Park 20/20 is about three-quarters built, and it’s already a green and pleasant office park. The facades are varied and imaginative, the spaces sunlit and inviting, the energy all renewable, the wastewater treated and recycled on-site. One of its coolest features is less apparent: Instead of the usual concrete-slab floors, the buildings have thinner, hollow, steel-beamed ones. They allow seven stories to fit in the usual height of six, using 30 percent less material overall.
In winter, warm water from the neighboring canal, stored underground since the previous summer, flows through pipes in each subfloor, heating the space above; in summer, cool canal water from the previous winter flows through pipes in each ceiling, cooling the space below. And unlike concrete slabs, the prefabricated floor-ceiling sections are designed to be disassembled and reused, should the building need to be reconfigured or demolished. The Park 20/20 buildings are “material banks”—whereas elsewhere, building materials make up the largest waste stream flowing into landfills.
In McDonough’s office I sat on an old Herman Miller chair upholstered with the first product he and Braungart ever designed, a fabric made of wool and ramie, which is made from nettles. Both men insisted it was edible, and had I been a goat, I might have tested that assertion. As McDonough was talking to me about Leibniz and a world of possibilities, I found my mind drifting to an old movie called Diner, which I’m more familiar with. “If you don’t have good dreams … you got nightmares,” Mickey Rourke’s character says toward the end, as he and his young buddies are heading off into uncertainty. Maybe they’ll grow up successfully, maybe not. And maybe, I thought, our whole species is in that situation—needing a dream to steer toward, in order to avoid the nightmare.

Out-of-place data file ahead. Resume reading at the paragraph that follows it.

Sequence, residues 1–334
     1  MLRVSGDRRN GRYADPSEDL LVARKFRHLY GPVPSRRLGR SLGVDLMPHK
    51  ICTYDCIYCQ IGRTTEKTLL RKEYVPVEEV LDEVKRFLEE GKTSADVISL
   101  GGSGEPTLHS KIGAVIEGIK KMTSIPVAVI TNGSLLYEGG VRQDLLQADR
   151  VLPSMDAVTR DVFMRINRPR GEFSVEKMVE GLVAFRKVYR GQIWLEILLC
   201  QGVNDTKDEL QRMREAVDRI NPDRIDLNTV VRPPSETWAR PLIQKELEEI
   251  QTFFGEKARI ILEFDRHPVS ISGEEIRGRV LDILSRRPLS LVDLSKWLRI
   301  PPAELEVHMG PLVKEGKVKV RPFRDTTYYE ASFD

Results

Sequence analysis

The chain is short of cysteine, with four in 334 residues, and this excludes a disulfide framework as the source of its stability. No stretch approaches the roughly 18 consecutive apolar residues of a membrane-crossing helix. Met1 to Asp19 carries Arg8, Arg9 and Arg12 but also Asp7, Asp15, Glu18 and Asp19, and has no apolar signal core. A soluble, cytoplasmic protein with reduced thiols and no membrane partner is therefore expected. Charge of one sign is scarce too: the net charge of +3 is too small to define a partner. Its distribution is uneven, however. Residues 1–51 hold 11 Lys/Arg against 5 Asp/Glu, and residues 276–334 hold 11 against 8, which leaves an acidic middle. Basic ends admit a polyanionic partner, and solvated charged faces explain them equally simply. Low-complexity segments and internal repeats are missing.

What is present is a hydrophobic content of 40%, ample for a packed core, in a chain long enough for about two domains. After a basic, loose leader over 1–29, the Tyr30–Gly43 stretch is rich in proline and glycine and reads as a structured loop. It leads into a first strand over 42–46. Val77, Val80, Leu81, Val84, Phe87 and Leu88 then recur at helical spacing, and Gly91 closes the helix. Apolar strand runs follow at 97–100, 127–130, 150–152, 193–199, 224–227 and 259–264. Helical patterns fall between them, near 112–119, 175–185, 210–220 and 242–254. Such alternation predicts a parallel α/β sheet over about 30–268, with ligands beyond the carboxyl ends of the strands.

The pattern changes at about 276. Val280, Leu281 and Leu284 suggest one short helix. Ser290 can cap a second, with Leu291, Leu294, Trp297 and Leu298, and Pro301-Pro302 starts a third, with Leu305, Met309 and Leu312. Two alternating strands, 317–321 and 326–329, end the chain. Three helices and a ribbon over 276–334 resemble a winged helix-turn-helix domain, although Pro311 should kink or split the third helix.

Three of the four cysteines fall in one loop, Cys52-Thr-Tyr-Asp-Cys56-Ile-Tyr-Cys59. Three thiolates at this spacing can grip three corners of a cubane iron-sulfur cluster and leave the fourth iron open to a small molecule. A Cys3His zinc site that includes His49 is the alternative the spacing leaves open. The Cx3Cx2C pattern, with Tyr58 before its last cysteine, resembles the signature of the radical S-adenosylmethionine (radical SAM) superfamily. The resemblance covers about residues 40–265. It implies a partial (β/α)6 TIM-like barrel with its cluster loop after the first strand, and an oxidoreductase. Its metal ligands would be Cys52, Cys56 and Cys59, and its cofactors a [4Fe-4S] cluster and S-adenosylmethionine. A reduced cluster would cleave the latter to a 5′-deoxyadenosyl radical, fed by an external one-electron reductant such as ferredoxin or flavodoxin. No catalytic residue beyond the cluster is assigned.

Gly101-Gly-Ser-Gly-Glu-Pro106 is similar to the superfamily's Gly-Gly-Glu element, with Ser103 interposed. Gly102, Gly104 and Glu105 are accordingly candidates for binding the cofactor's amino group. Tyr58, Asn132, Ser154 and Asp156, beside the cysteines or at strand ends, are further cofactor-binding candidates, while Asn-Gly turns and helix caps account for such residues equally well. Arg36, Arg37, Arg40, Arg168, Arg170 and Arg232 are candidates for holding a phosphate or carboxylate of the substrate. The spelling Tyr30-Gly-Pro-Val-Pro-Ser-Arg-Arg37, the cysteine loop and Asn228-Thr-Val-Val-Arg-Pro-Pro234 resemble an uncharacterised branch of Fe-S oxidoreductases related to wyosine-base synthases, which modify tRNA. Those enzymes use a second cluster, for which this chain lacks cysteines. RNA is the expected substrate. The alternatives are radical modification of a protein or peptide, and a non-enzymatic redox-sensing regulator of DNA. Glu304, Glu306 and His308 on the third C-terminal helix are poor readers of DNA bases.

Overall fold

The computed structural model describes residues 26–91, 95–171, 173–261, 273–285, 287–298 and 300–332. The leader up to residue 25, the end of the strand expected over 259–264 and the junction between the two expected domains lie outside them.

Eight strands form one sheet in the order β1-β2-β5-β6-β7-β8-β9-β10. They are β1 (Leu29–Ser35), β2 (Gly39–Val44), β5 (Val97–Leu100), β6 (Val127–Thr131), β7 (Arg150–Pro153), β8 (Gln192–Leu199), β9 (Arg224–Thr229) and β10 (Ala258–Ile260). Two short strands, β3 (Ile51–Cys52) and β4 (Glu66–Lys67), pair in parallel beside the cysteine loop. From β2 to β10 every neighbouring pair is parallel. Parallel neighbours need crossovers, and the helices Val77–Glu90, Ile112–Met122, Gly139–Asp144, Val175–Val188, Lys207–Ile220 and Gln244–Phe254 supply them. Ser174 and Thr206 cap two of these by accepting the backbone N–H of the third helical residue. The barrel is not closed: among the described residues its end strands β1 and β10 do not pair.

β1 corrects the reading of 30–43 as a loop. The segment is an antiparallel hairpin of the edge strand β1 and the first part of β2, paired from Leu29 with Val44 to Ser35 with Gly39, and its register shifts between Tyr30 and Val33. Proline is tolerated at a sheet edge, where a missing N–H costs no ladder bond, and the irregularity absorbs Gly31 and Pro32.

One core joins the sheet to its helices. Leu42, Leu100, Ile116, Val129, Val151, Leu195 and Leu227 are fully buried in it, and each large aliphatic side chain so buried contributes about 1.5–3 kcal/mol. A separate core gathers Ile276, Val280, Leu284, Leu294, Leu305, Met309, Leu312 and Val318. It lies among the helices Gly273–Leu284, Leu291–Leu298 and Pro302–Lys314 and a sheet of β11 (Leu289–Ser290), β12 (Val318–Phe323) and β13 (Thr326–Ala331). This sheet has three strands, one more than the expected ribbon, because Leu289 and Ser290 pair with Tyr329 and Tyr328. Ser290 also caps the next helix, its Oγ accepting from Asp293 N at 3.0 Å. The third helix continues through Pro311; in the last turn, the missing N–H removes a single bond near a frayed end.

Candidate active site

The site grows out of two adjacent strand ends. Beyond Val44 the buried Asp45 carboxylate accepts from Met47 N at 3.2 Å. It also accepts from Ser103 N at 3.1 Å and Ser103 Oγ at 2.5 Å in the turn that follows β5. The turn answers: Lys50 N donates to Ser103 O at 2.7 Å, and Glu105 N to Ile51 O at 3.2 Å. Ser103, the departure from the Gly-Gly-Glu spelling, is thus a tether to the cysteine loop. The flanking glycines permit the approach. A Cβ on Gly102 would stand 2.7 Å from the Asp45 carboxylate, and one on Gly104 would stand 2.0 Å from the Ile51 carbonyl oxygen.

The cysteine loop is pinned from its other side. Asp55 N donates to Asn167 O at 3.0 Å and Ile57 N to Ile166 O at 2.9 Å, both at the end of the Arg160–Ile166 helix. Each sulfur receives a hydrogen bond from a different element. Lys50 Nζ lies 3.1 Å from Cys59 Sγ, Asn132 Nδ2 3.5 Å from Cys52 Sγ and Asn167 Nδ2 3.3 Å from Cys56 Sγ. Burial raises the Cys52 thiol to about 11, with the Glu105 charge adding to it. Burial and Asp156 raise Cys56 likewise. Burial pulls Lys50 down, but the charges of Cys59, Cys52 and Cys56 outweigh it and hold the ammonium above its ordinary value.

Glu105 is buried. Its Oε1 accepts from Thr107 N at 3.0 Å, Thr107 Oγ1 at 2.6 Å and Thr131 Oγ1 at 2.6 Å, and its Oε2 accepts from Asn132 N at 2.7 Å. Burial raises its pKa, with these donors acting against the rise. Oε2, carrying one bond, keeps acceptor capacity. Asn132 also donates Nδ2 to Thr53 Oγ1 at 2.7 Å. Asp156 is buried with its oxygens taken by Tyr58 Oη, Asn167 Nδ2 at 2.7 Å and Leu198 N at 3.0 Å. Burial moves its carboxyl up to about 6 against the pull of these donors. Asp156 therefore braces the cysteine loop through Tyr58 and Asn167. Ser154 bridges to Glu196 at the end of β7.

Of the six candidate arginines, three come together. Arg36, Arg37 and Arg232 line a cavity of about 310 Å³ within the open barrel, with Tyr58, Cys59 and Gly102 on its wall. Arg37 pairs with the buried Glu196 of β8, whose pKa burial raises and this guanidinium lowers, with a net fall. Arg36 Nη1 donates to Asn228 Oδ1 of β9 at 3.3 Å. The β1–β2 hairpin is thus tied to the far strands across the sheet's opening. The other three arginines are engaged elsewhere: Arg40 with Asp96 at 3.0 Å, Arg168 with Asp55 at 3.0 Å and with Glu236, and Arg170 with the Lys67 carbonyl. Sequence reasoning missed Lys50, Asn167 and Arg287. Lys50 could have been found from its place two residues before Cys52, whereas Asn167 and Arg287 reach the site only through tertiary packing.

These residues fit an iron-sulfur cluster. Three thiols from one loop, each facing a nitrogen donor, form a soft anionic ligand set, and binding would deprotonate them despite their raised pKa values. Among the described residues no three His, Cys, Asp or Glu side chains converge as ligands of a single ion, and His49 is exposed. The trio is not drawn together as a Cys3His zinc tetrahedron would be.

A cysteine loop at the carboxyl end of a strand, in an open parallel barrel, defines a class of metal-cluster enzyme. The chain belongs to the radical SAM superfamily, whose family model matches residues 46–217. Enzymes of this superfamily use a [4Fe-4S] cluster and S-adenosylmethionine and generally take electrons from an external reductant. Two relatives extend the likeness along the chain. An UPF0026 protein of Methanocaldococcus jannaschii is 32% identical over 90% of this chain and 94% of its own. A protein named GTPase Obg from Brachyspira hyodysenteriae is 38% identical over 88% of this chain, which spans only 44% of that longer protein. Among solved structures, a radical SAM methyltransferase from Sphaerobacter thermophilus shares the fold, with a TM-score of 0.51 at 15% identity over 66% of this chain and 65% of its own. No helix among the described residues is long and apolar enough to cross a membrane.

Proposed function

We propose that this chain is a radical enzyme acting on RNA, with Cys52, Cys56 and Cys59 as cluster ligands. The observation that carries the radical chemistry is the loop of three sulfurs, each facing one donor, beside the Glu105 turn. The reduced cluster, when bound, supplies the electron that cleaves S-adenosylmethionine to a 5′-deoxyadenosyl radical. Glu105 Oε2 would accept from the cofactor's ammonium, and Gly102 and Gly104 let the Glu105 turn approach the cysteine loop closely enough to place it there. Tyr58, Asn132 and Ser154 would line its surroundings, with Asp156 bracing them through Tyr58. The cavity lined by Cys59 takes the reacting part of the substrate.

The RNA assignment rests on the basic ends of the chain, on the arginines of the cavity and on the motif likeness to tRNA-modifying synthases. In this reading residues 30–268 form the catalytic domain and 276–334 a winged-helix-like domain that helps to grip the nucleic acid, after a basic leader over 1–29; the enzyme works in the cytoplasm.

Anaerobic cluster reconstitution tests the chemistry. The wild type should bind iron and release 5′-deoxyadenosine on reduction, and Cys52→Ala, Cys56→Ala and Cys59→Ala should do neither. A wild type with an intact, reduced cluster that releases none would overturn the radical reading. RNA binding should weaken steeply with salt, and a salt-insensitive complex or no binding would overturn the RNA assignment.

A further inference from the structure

The circular economy is a dream that’s inspiring a lot of people to do cool stuff. But—if I may close this journey with a thud—here’s the thing: It’s not happening. If you look away from the bright lights and at the dull numbers, the ones de Wit showed me, the “circularity gap” is growing, not shrinking. Our use of natural resources could double by 2050. Our carbon emissions are still increasing.
“Is it moving fast enough? Not really,” de Wit said. “All indicators are in the red.”
Like the other optimists I met, de Wit is counting on time. Building a circular economy will require an enormous cultural shift, on the scale of the industrial revolution. “You need stamina,” de Wit said. “My sense is we can’t do it with the generation in power. It will require a generation to take off.” That was my generation he was hustling offstage; I didn’t take it personally, though. Sure, we’ll be pushing up daisies long before the circular economy arrives. But we’ll be doing our bit for it that way.
photos of Dutch agriculture in the September 2017 issue are on exhibit at the Guggenheim Museum in New York. Senior editor
Robert Kunzig wrote about cities in April 2019.